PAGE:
That's all well and good, right? Now I know how to save someone's life if they're in cardiac arrest. Yay me! We were halfway through the session when the instructor pointed out that should we ever find ourselves needing to use an AED on someone, we should quickly scan their chest to be sure there isn't a scar and a raised shape under the skin that would indicate the person had a pacemaker. If that happens, just don't put the pad that delivers the shock over top of the pacemaker, 'cause that's one type of electrical stimulant conflicting with another type and that's bad (or something like that.)

     I remember only the most basic principles of conductivity from my high school science classes, but if it's a bad idea to mess with a pacemaker, it's probably a bad idea to send an electrical current through someone's heart if they've got a piece of metal embedded in it, right? That's what I started wondering as this seminar was progressing.  It goes hand-in-hand with my previous wondering of whether or not his heart could physically withstand a shock like that, since the tissue it's comprised of isn't really as strong as a normal persons. I mean, what if the electricity was too much for a weak spot to handle and my husband started bleeding out?

     Granted, I've only mulled that possibility over in my head once or twice in the whole time we've been together, but it could happen, couldn't it? I know it's a fairly small amount of juice that gets delivered when someone utilizes an AED - it's usually between 150-200 joules, but can be as much as 360 joules, depending on the particular AED that's being used. (No, I have no idea how that relates to wattage or volts. I googled it and found some insanely complicated formula for figuring it out, but I typically don't go much beyond 2+2=4. Words are my friends, numbers are the devil.) So you've gotta figure, if part of his heart needed to be reinforced with titanium and Dacron just so it wouldn't self-destruct during normal operating procedures, surely it's not a good thing to push it harder, even if to (theoretically) attempt to re-start the damn thing.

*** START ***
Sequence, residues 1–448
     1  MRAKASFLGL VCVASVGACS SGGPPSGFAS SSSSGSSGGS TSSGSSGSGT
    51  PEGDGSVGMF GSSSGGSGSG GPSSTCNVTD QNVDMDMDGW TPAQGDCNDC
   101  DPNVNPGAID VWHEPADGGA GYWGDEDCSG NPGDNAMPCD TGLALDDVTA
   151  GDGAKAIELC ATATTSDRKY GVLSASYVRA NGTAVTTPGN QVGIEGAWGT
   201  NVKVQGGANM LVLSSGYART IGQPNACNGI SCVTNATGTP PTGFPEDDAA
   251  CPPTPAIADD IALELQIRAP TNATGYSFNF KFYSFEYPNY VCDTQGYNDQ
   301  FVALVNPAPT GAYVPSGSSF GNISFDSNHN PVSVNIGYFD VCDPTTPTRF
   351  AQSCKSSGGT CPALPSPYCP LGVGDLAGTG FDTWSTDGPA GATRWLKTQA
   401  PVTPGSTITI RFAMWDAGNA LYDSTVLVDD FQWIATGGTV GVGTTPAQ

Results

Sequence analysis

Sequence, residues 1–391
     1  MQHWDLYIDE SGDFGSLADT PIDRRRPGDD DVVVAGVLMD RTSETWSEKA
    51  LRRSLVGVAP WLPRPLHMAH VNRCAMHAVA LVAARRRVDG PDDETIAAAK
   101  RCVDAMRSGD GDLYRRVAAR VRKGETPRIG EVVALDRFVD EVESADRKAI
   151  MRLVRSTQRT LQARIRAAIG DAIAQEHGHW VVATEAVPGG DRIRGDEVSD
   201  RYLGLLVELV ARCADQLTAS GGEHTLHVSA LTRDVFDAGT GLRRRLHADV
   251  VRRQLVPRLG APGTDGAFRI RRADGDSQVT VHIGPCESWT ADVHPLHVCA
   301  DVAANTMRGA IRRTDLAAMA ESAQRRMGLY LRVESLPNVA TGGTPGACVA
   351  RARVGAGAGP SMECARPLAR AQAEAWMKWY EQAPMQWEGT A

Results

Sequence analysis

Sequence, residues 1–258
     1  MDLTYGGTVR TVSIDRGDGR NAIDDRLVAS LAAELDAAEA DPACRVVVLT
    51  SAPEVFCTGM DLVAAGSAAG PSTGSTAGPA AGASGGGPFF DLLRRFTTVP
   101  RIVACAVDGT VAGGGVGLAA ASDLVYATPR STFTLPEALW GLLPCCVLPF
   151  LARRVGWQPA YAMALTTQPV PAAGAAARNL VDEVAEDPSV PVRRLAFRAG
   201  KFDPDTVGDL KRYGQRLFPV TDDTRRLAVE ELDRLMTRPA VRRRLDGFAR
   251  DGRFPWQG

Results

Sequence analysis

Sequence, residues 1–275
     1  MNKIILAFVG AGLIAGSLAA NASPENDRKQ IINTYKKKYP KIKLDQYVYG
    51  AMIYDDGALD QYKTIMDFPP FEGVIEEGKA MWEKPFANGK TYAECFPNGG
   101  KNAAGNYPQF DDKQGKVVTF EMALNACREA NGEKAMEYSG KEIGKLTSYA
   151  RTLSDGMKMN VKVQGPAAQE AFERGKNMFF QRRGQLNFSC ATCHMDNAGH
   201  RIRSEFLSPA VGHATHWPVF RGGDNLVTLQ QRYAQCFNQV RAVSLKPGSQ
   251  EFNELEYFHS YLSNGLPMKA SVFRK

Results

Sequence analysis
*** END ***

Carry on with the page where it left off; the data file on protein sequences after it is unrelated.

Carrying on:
It's a bad choice all the way around - either die of a heart attack because you can't withstand the procedure needed to bring you out of full cardiac arrest, or bleed out because the method used caused you to spring a leak somewhere. (I was initially worried that the valve's conductivity would cause the heart issue surrounding it to be fried like bacon, but I think the Dacron seal would prevent that. So my husband's got that going for him.) Now, in all likelihood and with a little bit of luck, this is a scenario which will never come to pass. Heart disease doesn't run in my husband's family (his Marfan's notwithstanding), so I think we'll catch a bit of a break on this one. Now, if I could just train my head to not go off on these little sojourns that serve no purpose but to make me twitchy and stress, we'd be in pretty good shape. Relatively speaking, of course...